Are you ready to learn about new technology? Learning is fun! And it is especially fun if it solves a growing problem in your household. That problem is the network congestion and inconsistent connections of all your smart home devices. Thread is meant to fix that problem. Here’s what you need to know about Thread.
What is it?
Thread is a network protocol. They are a set of rules that dictate how certain devices connect and talk with each other on a network. And in this case, the network protocol is designed for the Internet of Things (IoT).
You’re wondering what this is, I suspect. Well, the Internet of Things is the collection of web-connected devices in your smart home. Your smart thermostat is a part of it. So is your doorbell with the webcam built into it, and the light switch you can control with your tablet. The Thread protocol would allow them all to connect to a dedicated, low power Wi-Fi network in your home.
Thread is a mesh network protocol, so each device added to it is an access point for the other devices. So, you’ll get better connectivity for your devices that are farther from the router.
Why does it exist?
You need to imagine a dozen different people all trying to make a phone call at the same time, each of them speaking in a different language. That’s what the IoT is like right now. Each company has its own method of connecting their device to your home network. Sometimes all the devices get along nicely, and sometimes they don’t. And worse, it only takes one device with a poor security design to compromise your whole network.
Thread is the common language that will get all your devices talking to each other and the world. A Thread network allows any device to connect securely, and it gives the IoT device manufacturers a clear connectivity standard to follow. As an example, the company Nanoleaf is using Thread in its devices.
Do I need it?
Are you a fan of the idea of a smart home? Then you’re going to need to plan ahead for the future where you have a multitude of connected devices spread out all over your living space. A Thread network will make adding new devices—and keeping them all connected and secure, a lot easier.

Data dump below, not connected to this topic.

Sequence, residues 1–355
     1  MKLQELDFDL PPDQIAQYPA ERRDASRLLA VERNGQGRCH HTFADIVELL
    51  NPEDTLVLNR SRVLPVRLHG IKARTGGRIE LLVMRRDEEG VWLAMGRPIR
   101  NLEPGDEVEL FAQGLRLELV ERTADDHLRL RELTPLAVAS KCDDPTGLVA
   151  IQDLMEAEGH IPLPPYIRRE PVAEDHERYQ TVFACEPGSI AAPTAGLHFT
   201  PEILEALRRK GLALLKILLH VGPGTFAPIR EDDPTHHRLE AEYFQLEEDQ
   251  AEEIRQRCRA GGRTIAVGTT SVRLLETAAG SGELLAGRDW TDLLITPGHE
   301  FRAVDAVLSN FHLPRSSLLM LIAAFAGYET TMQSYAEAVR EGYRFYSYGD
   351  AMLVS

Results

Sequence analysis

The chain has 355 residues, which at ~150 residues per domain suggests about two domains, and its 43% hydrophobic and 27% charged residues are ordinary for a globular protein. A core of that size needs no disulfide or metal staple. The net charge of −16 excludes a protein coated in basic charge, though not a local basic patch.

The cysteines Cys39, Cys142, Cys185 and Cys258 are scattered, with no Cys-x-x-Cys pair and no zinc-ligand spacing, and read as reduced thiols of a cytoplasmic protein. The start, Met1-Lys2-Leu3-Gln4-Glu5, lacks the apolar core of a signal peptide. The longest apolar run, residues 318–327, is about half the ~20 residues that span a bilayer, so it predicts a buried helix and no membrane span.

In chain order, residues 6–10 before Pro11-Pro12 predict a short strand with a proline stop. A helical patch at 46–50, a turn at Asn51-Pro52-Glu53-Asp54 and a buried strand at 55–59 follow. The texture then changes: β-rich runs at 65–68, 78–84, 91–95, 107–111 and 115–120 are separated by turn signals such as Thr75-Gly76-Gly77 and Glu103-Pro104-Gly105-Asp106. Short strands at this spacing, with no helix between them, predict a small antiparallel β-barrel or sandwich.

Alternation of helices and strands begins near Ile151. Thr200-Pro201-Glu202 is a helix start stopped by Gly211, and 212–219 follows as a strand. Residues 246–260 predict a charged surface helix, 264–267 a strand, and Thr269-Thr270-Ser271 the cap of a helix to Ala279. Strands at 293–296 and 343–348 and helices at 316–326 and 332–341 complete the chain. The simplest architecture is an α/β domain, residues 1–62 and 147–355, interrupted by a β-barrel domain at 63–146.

Will it be future-proof?
Yes. The great thing about an industry standard is consistency. The group that oversees the protocol and design of Thread won’t make any dramatic sudden changes, and the device manufacturers will be more than happy to focus on other features and improvements. You will see regular security updates to keep your network secure, but no surprise new feature rollouts that disconnect your old devices.
Will I need a dedicated router?
I wondered this when I first started looking at Thread. I didn’t want to buy a second router that was exclusively for my IoT devices. The good news is that you probably won’t need to buy another router. Any Thread device can have wireless router functionality built into it without impacting performance. The Apple HomePod mini is just such a device. So as long as one of your IoT devices has router functionality, you are good to go. And there are existing routers, like the Google Nest Wi-Fi Router, that are already Thread-enabled.
How will Thread make my smart home better?
You want to know how Thread-enabled devices will make your smart home better. That’s a very fair question. Here are a few of the ways you’ll see benefits from Thread.
Better network connectivity
Each Thread device connects to every other nearby Thread device, forming a mesh network. So when you add a new device, it will join the network by connecting to the closest Thread device instead of your router or hub. This extends the overall range of your smart home network, and reduces the network congestion at your router or hub. You won’t be limited by your smart home device’s proximity to your router anymore.
Longer battery life
Many of your smart home devices use batteries for power. Your Thread network is low power, so your device batteries will last a lot longer than a comparable Bluetooth-connected device.
Faster response time
In addition to being low power, the Thread network is also very high speed. So that means less lag between your request for the lights to dim and the lights getting dimmer. As you add more devices to your smart home, you’ll see an increasing benefit to minimizing lag and network congestion.
What’s the difference between Thread and Matter?
Just when you thought you understood the current technology, a new one comes out. This newest technological standard is called the Matter protocol. And it’s common for people to wonder if Thread and Matter are competing technologies. In fact, they are complementary systems. Thread is the network, while Matter is the set of rules used to connect and use the network. Picture your home as a city: your smart home devices are the buildings, Thread is the network of roads connecting them, and Matter is like the traffic laws.
And the folks making smart home devices are excited for the common standards of Thread and Matter. Here’s a quick interview with Gimmy Chu, the CEO of smart lighting company Nanoleaf.